Source: Statistics Canada
Retrieved From: http://www.statcan.gc.ca/tables-tableaux/sum-som/l01/cst01/labor35-eng.htm
Of the total labour force of 218,600 in the St. Catharines-Niagara CMA, 203,100 were employed in 2016, up from a recession period low of 181,100 in May and June of 2009. The unemployment rate for the St. Catharines-Niagara CMA in 2016 was 7.1%, reflecting a downward trend in the rate, compared to the recession-period peak of 11% in January, 2009.
Proportion of Working-Age People in Niagara: In January 2017, The Niagara Community Observatory at Brock (NCO) and the Niagara Workforce Planning Board (NWPB) released a policy brief, “Growing Niagara: A closer look at Niagara’s aging population”. It shows that Niagara has proportionally the fewest working-age people in Canada.
- Niagara’s population grew less than 1% between the Census years of 2006 and 2011, well below the national average of 5.9%, and estimates show this has not changed over the last few years.
- Niagara has proportionally fewer young people and young families than the Ontario average.
- Niagara has proportionally the fewest working-age people in the country and is home to more seniors than youth, which has implications for economic growth and program funding as baby boomers enter retirement and there are fewer in the workforce to financially support the growing demands.
- Since 2001, Niagara’s population has grown in the 20-29 age cohort, and it is actually the 0-14 and 30-44 age cohorts that have declined, suggesting that the focus of “youth retention” could be broadened.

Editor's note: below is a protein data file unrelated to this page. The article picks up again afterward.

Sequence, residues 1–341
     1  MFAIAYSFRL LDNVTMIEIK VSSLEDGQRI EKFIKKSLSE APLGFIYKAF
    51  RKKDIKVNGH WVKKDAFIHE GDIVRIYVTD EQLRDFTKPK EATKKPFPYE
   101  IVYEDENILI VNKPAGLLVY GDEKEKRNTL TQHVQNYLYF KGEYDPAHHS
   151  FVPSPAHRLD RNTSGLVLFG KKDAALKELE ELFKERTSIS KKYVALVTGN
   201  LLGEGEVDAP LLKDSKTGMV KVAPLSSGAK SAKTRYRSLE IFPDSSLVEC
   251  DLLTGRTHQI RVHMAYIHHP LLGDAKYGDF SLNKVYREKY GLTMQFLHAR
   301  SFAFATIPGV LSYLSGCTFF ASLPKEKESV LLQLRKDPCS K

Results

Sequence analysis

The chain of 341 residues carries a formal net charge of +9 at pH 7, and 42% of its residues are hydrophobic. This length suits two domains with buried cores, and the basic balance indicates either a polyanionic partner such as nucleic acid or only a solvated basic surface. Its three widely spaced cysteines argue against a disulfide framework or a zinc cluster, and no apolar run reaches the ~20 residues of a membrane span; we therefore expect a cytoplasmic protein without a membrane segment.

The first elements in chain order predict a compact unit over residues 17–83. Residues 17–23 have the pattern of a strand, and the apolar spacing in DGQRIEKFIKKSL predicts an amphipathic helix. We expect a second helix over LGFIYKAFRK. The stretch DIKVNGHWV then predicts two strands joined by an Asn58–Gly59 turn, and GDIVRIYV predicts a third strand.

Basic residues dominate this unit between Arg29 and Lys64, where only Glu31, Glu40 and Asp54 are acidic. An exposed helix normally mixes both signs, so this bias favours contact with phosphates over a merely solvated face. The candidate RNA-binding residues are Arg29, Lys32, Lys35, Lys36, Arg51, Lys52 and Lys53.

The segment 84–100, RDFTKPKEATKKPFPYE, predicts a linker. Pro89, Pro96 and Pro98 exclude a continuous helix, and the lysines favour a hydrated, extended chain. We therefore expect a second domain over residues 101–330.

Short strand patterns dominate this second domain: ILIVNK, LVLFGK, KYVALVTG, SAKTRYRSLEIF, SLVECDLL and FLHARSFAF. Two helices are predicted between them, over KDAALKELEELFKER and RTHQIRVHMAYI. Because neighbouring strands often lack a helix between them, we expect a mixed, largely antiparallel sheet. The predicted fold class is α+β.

Source: NCO, 2017. Growing Niagara: A closer look at Niagara’s aging population.
Retrieved from: https://brocku.ca/webfm_send/43305
Labour Force Participation of Seniors
In celebration of the country’s 150th birthday, Statistics Canada is presenting snapshots from our rich statistical history.
Labour force participation of seniors
Like many other industrialized countries, the age structure of the Canadian population has changed dramatically in the last century. The proportion of seniors aged 65 and older who participate in the labour market has also changed substantially over this time.
In 1921, the Census of Population found that about one-third (33.7%) of those aged 65 and older were either employed or looking for work. At this time, income support programs for seniors were rare; the Old Age Security Program, for example, would not be introduced until 1927.
In 1946, following the Second World War, the first Labour Force Survey data indicated that 26.6% of seniors participated in the labour market. In subsequent decades, the labour force participation rate of seniors continued to decline, reaching a low in the period from 1986 to 2002, when the rate varied between 6% and 7%. This decline in the labour force participation of older people was likely related to a combination of economic conditions and the growth of public and private pension plans.
Since the early 2000s, there has been a notable upward trend in the proportion of seniors participating in the labour force, which more than doubled from 6.1% in 2001 to 13.7% in 2016.
As the baby-boom cohort continues to age, the recent trend towards a higher proportion of seniors participating in the labour market can be expected to continue. Indeed, demographic projections of Canada’s labour force show that by the year 2026, 40% of the total labour force could be aged 55 and older.
Sources: A. Fields, S. Uppal, and S. LaRochelle-Côté. 2017. “The impact of aging on labour market participation rates.” Insights on Canadian Society (Catalogue number75-006-X); tables D107-122 and D205-222 in Historical Statistics of Canada (Catalogue number11-516-X); and CANSIM table 282-0002.
Labour force participation rate of people aged 65 and older, Canada, 1946 to 2016